As the investigation proceeded in recent weeks, Illuzzi-Orbon said, there had been “salient, confirmed impeachment” of the woman’s story — from a concocted tale of political repression and gang rape in Guinea that was used to gain political asylum in the United States in 2004 to her shifting account of what happened on the day of the alleged attack.
Prosecutors say they still believe a “sexual encounter” occurred between the two, something “corroborated by forensic evidence” collected after Strauss-Kahn, 62, was arrested, Illuzzi-Orbon said in prepared remarks submitted to the court.
But the difficulty of supporting a rape charge without credible testimony from the woman involved led prosecutors to agree that Strauss-Kahn should be released from the house arrest, electronic monitoring and armed guard that have governed his movements since he was indicted by a grand jury. His $1 million cash bail is being returned.
“The strength of the case has been affected by the substantial credibility issues relating to the complaining witness,” Illuzzi-Orbon said.
For now the charges — violent sexual felonies with a possible 25-year prison term as punishment — remain intact, and authorities are holding on to Strauss-Kahn’s passport so he cannot leave the United States. The next court session is scheduled for July 18.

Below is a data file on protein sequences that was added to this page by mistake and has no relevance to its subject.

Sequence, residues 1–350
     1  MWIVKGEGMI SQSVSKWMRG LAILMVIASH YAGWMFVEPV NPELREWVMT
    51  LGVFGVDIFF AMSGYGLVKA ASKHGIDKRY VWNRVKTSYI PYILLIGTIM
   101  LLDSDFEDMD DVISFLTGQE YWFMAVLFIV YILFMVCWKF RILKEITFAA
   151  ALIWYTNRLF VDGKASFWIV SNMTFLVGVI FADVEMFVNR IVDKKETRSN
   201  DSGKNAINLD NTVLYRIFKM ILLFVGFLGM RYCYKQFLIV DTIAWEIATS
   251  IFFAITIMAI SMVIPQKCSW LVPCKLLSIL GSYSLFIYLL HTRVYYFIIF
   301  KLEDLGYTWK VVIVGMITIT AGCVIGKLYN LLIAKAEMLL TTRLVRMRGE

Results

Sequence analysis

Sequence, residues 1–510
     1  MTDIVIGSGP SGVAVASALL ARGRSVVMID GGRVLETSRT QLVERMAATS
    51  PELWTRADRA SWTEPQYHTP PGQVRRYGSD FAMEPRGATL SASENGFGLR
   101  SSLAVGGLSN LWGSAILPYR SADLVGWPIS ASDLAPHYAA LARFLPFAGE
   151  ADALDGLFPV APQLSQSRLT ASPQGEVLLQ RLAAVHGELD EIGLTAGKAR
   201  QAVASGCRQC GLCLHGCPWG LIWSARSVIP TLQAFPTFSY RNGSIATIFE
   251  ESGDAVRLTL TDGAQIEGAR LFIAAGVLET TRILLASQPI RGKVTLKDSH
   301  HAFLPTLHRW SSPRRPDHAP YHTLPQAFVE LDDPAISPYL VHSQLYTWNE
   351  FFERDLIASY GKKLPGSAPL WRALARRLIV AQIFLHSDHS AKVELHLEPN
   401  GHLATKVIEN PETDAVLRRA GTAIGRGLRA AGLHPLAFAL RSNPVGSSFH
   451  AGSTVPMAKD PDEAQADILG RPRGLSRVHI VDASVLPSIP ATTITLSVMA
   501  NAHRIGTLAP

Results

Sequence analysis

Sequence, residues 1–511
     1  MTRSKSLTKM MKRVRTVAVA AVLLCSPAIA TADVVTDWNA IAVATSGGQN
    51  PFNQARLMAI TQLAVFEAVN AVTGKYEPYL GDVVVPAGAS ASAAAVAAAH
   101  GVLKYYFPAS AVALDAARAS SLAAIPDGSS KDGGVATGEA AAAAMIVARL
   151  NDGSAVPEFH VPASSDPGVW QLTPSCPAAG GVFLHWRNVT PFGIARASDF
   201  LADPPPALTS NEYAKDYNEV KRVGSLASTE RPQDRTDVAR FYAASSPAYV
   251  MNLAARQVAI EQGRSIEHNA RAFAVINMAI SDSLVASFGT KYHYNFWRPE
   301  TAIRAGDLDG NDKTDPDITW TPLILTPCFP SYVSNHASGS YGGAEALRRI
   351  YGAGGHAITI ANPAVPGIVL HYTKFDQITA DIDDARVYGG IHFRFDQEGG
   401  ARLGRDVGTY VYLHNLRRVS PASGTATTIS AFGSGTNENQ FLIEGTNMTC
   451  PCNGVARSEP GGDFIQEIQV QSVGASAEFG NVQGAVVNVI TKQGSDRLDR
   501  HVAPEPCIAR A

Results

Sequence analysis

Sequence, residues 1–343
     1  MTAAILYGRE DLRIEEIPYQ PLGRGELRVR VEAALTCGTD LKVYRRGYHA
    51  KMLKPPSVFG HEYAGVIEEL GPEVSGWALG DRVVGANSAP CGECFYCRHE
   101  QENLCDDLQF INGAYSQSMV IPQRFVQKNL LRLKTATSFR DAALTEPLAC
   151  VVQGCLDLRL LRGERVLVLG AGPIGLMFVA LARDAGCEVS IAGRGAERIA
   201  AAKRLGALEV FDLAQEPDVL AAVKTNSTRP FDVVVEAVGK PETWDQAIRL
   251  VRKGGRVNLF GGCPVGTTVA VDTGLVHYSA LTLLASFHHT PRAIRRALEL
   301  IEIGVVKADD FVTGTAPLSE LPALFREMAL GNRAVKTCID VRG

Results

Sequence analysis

The attorney for the hotel maid, Kenneth Thompson, lashed out at the district attorney’s decision to release Strauss-Kahn. While acknowledging that his client erred in lying to prosecutors, he said that had no bearing on whether she was raped.
“The victim here made some mistakes,” he said. “That does not mean she is not a rape victim.”
Thompson said there were photos, medical tests and other evidence of a forced sexual encounter, including vaginal bruising and a torn ligament in the woman’s shoulder.
He said his client may now talk publicly about her version of events because “we do not have confidence that they will ever put Dominique Strauss-Kahn on trial. . . . [New York District Attorney] Cyrus Vance is too afraid to try this case. He is afraid he is going to lose.”
From the moment Strauss-Kahn was pulled off of an Air France jet headed for Europe and taken into police custody, his arrest rippled through international economic and political circles.
He and his wife, Anne Sinclair, a longtime French television journalist, are among Europe’s political and intellectual elite, with family ties to the continent’s top artists, intellectuals and financiers. His long-standing reputation as a womanizer mattered little in French society, and the arrest touched off a transatlantic debate that pitted European sexual mores against the “perp walk” culture of American law enforcement. Some in France were outraged at the pictures of one of their country’s top politicians paraded in handcuffs before television cameras — images prohibited under French media rules until a person is convicted.